Listen to Paul’s words, “this is my prayer, that your love may overflow more and more with knowledge and full insight ,” that by being and sharing the love we have found in Jesus Christ we might change the world, one person, one experience, one place at a time. Love as the very being of God, “has to wear a face,” and that face is “our neighborhood, our neighbors and our community, other creatures, the earth and all its inhabitants.” That face is us. Love as the very being of God becomes present in a unique and tangible way when we let God wear our face and work through us. (Wendell Berry)

 

For the powers in the world cry to us Peace, peace, when there is no peace. They promise us walls to keep us safe but as in Ezekiel when they promise us walls to keep us safe, we will find these walls to be plastered with faulty mortar that dissolves under pressure, and with Jeremiah we will say, “they have treated the wound of my people carelessly, saying peace, peace, when there is no peace. They do not know how to blush”. But we are not of the world and where there is pain, loss, injury and anger, we will be there with compassion, with grace, with love.   Where hurt and misunderstanding confuse the issues we will take the time to listen, to learn, to understand.

 

A rabbi once asked his students, how can you tell when the dawn is breaking? His students, eager to please began positing solutions, “you can tell the dawn is breaking when there is enough light to see that the object on a distant hill is not a tree but a man.” No, no, the rabbi said. “You can tell the dawn is breaking when there is enough light to tell the difference between a sheep and a dog.” Another posited. No, no, the rabbi said. They continued this way for a moment, one suggestion after another always the rabbi said, no, no. They paused and into this silence the rabbi said, “The dawn will begin to break when you look into the eyes of the stranger, the foreigner, the other, and see there a sister, see there a brother. Then the dawn will have begun to break.”

 

By the tender mercy of our God the dawn shall break upon us.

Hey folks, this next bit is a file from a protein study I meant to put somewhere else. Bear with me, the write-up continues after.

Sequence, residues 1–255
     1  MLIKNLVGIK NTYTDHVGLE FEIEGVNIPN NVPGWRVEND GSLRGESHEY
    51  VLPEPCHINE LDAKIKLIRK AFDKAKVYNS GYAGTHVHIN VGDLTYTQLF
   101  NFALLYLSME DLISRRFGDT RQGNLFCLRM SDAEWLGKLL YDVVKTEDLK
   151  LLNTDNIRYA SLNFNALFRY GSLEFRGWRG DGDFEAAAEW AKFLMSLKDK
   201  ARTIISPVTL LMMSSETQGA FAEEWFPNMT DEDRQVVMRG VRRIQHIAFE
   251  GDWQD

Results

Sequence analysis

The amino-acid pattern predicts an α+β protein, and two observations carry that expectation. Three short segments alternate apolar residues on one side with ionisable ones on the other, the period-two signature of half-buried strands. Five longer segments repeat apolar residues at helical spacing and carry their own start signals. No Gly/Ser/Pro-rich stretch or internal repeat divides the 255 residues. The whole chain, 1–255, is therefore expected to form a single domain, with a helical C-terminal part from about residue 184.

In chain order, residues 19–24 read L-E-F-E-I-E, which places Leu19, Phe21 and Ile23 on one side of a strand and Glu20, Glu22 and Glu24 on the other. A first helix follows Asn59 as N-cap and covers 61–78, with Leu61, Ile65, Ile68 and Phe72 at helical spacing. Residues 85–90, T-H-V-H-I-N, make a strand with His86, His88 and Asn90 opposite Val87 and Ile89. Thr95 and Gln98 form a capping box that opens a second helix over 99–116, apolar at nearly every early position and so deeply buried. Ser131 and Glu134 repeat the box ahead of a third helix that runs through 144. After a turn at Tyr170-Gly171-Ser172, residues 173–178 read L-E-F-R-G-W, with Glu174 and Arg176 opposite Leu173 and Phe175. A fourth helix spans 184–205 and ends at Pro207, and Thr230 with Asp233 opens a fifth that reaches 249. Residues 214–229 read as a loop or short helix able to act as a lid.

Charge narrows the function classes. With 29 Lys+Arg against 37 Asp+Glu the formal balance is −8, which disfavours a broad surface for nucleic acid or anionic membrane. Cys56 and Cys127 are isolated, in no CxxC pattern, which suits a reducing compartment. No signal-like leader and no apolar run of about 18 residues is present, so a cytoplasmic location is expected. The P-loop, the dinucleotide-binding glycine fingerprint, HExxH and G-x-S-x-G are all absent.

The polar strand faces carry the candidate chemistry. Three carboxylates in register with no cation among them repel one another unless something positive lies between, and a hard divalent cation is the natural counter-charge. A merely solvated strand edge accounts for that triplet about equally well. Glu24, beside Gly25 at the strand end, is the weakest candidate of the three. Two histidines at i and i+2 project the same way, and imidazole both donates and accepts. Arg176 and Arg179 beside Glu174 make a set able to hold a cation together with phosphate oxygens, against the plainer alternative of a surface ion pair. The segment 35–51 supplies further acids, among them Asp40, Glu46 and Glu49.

Remember Who You Are

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Our text this week reminds us that we live in the time of promise, of already but not yet. Already our salvation has been effected! Christ has come and has effected our salvation! But we are still earthly creatures and we struggle with earthly problems. There will be portents of wars and fear and foreboding, people will faint from fear. Jesus knows us. Jesus knows that we turn to fear and abide in fear all too easily. Jesus knows that we fear loss and that change, any change, even positive change, brings with it loss. Jesus knows this. He speaks directly to our current experience just as he spoke directly to the experience of those who heard his voice.

 

The lectionary has placed this ominous text on the first Sunday of advent, advent which is a pregnant time, a time of waiting, of anticipation. It is a time when we are fully out of control, just as a pregnant teenager is fully out of control, events taking place within her body, changing her being, and completely beyond her control. So we too, inviting God into our lives, often find ourselves out of control. It’s not for the faint of heart. It is a time of waiting and anticipating that God will do great things within us and through us, things which we can neither see nor anticipate. This loss of control, this ambiguous beginning, can be frightening.

 

More than ever we enter Advent as a time of waiting in the dark, anticipating the coming, the birth of our Lord, but knowing that while we wait, we wait in the dark. Luke uses many references to that day, those days, and the days that are coming. It seems that he wants to remind us that ‘that day’, the one where we get the phone call we never expected to get, the one where the test results coming back are not what we wanted to hear, that day is coming. The lectionary this year, appears to direct us to that day when we will dwell in darkness and must discover how to be faithful even then.

 

“There have been many losses,” writes Janice Jean Springer, reflecting on the days following her diagnosis of Parkinson’s disease. Among these losses, she counts the erosion of her “self-image as a strong and vibrant woman … ” By contrast, the struggle to keep her balance, to not fall, seems unpleasantly familiar.

She has lost other things as well, but perhaps the most painful loss of all: “I’ve lost my illusions. I’ve lost the illusion that I am exempt from the losses and limits that besiege other people.”

She writes that each of us will be confronted by losses that make us wrestle with the question, “[How] can I be faithful in my new circumstances?”2

 

How then to be faithful? Even in the midst of darkness, while we wait and anticipate the coming of our lord. Faithful in the midst of a pregnant time, a waiting, anticipating time, in the midst of the already, but not yet.